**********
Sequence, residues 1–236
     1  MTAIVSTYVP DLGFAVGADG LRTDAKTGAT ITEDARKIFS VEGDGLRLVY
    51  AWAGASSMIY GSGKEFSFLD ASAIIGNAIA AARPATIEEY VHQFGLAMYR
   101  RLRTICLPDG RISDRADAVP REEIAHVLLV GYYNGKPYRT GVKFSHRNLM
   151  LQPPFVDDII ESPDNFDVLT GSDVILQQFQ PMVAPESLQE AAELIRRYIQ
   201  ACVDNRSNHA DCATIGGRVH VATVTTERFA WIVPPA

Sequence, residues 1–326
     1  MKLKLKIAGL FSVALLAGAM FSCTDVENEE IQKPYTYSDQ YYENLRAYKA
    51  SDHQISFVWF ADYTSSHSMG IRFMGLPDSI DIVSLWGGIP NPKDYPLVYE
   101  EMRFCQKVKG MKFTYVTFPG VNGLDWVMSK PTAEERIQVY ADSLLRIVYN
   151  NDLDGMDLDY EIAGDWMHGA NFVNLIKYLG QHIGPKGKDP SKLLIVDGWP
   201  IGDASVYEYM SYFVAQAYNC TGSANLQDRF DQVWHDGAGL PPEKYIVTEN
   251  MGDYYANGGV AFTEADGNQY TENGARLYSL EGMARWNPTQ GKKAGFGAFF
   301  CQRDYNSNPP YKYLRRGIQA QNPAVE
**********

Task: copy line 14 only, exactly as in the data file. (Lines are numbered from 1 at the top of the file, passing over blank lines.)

   301  CQRDYNSNPP YKYLRRGIQA QNPAVE